The Dark Night : St John of the Cross and Eastern Orthodox Theology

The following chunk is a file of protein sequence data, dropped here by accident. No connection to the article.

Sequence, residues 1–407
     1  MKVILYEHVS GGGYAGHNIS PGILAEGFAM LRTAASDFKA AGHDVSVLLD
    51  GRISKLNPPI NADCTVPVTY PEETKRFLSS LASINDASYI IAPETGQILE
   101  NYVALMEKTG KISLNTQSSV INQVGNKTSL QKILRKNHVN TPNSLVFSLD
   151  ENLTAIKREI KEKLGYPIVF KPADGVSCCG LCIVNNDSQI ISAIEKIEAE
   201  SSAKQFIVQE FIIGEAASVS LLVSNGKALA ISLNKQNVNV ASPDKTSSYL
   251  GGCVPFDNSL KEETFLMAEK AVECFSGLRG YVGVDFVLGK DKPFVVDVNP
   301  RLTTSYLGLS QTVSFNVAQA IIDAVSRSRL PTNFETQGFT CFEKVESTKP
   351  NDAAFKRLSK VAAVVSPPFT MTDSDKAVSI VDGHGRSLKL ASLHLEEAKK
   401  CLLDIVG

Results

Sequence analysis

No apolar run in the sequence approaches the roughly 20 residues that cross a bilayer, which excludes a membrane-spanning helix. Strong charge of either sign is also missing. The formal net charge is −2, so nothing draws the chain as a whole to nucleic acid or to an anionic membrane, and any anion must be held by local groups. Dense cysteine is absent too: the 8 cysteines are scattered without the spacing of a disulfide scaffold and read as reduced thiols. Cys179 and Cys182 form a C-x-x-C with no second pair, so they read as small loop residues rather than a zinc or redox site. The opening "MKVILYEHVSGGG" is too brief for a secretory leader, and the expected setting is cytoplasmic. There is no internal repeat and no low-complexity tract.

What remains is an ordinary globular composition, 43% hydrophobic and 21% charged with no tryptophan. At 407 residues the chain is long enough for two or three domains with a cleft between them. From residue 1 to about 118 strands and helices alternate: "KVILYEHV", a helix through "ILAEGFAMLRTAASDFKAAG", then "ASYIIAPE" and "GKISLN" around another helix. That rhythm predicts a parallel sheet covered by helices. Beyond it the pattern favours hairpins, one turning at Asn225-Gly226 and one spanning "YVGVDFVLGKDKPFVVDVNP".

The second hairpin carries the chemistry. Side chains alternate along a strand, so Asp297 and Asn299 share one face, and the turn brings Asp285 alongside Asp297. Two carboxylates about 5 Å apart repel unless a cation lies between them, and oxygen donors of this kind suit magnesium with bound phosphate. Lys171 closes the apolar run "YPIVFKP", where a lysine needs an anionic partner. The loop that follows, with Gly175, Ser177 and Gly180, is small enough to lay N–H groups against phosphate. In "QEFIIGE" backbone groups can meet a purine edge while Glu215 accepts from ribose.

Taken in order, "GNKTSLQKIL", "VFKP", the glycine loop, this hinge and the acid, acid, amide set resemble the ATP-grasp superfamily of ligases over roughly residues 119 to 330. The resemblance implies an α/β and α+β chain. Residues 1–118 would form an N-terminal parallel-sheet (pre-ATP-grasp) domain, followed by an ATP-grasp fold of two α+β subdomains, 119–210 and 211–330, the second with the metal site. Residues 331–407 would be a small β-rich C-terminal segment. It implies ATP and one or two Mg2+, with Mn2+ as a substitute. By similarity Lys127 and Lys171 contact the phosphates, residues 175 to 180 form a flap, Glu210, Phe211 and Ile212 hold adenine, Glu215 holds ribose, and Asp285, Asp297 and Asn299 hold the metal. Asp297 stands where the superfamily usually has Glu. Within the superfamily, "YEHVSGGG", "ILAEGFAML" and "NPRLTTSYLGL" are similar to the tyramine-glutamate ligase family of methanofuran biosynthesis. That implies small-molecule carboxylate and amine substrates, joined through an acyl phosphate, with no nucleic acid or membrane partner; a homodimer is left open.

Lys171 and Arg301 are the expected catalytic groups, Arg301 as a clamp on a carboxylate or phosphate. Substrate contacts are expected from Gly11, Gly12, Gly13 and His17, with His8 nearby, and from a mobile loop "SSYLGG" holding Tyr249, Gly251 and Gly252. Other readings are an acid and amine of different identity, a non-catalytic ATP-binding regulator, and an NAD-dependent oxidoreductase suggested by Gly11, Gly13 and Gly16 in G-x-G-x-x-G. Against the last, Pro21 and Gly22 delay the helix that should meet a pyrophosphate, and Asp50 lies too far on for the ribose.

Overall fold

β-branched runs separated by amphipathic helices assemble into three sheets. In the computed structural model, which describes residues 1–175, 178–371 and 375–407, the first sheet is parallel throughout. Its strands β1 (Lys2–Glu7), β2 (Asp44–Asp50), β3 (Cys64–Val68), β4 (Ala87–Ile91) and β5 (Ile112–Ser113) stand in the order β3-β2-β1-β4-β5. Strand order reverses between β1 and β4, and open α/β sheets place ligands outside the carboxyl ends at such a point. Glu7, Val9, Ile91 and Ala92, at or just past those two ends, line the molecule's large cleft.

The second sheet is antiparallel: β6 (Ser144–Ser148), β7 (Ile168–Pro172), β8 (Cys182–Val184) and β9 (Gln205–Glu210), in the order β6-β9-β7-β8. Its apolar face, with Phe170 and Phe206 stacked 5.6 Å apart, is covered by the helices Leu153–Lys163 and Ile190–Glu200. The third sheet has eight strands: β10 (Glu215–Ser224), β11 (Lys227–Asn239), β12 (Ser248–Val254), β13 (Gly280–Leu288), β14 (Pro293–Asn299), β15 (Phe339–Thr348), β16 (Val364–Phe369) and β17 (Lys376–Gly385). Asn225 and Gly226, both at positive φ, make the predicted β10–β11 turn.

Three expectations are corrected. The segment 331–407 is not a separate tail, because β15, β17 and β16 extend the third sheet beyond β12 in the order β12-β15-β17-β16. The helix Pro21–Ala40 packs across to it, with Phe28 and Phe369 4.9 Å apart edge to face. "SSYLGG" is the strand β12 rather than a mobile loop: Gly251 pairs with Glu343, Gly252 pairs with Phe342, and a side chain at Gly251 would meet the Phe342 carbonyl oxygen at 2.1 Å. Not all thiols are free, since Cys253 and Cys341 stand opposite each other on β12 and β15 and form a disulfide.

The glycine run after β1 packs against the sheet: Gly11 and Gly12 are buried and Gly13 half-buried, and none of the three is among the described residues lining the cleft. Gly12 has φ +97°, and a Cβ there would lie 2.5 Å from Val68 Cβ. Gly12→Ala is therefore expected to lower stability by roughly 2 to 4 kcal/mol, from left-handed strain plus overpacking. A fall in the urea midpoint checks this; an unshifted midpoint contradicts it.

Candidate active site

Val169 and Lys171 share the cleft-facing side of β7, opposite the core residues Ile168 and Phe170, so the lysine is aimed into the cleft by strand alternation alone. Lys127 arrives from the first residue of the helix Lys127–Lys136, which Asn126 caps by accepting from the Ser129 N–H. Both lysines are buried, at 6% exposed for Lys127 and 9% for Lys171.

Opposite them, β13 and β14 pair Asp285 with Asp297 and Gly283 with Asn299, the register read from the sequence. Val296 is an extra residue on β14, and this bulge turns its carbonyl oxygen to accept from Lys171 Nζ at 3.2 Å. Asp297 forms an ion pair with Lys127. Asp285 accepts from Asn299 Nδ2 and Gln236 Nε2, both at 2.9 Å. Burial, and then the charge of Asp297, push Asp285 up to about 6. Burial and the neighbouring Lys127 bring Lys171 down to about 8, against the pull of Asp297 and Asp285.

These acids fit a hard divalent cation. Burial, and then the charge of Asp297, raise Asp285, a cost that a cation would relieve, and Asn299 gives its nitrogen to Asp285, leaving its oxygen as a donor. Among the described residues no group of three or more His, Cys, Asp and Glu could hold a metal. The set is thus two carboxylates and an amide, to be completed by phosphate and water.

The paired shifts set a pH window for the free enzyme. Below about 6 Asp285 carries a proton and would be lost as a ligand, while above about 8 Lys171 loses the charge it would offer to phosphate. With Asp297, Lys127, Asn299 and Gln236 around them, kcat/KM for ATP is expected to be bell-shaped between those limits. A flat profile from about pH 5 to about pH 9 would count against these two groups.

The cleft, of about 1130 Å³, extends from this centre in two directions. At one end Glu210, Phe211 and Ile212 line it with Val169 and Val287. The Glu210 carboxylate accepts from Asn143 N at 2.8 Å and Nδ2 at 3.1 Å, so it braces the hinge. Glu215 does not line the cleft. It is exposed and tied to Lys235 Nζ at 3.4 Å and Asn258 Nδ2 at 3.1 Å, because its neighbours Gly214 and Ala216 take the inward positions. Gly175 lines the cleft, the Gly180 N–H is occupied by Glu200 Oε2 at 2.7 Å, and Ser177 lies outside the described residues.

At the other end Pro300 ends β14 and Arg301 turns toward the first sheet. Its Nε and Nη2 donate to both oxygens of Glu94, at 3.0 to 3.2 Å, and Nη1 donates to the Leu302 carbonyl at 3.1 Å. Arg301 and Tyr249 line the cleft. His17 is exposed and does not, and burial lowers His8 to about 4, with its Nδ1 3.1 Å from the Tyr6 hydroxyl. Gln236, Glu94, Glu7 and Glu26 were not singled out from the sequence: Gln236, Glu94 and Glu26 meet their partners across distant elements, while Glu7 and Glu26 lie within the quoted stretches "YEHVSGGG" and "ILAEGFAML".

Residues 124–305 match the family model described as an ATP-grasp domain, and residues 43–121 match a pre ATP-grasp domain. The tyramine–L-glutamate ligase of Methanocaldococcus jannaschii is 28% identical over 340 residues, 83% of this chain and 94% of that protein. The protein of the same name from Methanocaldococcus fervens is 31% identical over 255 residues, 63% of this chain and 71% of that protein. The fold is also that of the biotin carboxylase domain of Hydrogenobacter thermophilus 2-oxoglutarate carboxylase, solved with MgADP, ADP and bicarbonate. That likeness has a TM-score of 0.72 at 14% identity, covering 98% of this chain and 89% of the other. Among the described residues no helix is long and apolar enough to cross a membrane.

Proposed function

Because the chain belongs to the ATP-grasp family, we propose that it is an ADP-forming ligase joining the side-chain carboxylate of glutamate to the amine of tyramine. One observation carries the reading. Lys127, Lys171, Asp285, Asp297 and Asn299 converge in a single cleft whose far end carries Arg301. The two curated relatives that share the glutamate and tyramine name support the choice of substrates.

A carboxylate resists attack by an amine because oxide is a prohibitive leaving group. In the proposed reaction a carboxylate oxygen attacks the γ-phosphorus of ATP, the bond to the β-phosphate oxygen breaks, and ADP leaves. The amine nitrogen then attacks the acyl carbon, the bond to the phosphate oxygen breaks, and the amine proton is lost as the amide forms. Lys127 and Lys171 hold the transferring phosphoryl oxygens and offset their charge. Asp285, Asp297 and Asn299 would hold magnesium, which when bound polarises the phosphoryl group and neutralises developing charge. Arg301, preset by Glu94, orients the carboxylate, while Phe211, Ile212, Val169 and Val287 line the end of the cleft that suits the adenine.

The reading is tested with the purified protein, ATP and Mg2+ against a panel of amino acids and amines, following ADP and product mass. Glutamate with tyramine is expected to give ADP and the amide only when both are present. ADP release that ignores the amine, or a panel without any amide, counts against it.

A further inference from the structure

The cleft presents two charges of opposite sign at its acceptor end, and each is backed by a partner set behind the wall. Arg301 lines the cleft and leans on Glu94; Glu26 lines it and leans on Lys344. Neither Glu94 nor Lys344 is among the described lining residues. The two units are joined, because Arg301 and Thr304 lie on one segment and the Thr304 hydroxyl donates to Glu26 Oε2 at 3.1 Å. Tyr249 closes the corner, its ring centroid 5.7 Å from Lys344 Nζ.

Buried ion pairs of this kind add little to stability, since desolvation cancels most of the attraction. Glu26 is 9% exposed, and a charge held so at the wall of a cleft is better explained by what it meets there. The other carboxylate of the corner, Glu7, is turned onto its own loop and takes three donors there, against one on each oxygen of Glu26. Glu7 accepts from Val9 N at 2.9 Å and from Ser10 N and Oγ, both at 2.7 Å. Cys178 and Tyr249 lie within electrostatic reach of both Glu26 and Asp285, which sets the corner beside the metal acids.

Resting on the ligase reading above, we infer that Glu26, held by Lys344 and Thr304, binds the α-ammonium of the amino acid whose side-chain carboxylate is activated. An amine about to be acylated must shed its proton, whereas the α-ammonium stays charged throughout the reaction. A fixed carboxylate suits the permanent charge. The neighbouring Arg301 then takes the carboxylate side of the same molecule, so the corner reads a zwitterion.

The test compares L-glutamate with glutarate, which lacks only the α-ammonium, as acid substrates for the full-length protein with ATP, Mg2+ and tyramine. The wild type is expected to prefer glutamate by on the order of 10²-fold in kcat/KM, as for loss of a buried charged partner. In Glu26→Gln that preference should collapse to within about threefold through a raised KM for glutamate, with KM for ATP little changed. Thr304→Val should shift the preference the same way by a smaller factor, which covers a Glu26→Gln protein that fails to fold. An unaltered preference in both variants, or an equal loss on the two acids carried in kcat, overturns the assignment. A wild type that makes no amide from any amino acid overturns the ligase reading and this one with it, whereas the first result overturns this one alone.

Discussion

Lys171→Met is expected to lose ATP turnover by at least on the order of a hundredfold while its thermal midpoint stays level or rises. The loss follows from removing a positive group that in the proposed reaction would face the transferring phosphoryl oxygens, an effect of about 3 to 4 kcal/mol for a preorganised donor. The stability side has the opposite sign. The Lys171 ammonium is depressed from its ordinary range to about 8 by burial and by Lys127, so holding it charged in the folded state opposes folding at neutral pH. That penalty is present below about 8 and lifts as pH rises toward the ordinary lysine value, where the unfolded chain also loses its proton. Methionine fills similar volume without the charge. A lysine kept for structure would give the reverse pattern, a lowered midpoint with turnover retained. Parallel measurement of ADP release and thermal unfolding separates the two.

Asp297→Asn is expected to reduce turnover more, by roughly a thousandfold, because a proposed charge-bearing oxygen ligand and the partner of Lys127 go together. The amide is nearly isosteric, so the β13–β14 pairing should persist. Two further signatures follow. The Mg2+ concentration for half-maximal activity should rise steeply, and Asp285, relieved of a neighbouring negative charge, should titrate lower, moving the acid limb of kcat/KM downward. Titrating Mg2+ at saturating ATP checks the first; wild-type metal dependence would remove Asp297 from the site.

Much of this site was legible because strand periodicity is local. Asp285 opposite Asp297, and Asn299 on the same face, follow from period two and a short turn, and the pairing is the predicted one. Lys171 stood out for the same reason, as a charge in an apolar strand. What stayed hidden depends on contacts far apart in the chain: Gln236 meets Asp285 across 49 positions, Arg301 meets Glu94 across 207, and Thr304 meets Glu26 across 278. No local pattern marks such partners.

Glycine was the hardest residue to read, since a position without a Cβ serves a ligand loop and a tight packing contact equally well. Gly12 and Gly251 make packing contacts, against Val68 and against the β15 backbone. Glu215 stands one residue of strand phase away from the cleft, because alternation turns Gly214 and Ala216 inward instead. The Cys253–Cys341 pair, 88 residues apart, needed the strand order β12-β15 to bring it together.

Abstract: Russian émigré theologian Vladimir Lossky's (1903-1958) claims in his classic study of 1944, The Mystical Theology of Eastern Church, that the emphasis on the experience of spiritual separation from God in Western mystical theology ultimately goes back to how Latin churches began to add the word filioque (and-of-the-Son) to the Nicene-Constantinopolitan Creed in the sixth century. In his explanation Lossky discusses the theology of the Greek fathers suggesting that the idea of the Spirit’s generation from both the Father and the Son both builds upon and generates philosophical ideas that conflict with the possibility of receiving personal experiential knowledge of God. To exemplify such ideas and their negative influence Lossky points especially to neo-Platonism and the Western mystical theology of dark nights. Simultaneously he makes positive mention, for example, of the Orthodox theologies, of St Symeon the New Theologian (949-1022) and St Maximus Confessor (580-662).The problem with Lossky’s claims and suggestions is that he never substantiates them by actually comparing relevant sources with each other. As a consequence many refuse even to consider his claims, leaving the question of what distinguishes Western theologies of the dark night from Eastern Orthodox theology untouched. This study discusses the Spanish Carmelite St John of the Cross’ (1542-1591) theology of dark nights of the soul from the point of view of Lossky’s claims. It conducts a substantial comparison of St John’s theology with the theology of St Symeon the New Theologian. In addition, it also compares select aspects of his theology with aspects of Vladimir Lossky’s and St Maximus Confessor’s theologies and the thought of the neo-Platonist philosopher Plotinus (204-270). The purpose of these comparisons is to propose a definition of the relationship of St John of the Cross’ theology of dark nights to central orthodox theological principles and emphases and to evaluate the truth of Lossky’s more general attempt to define the Western notion of dark nights from an Eastern Orthodox perspective.
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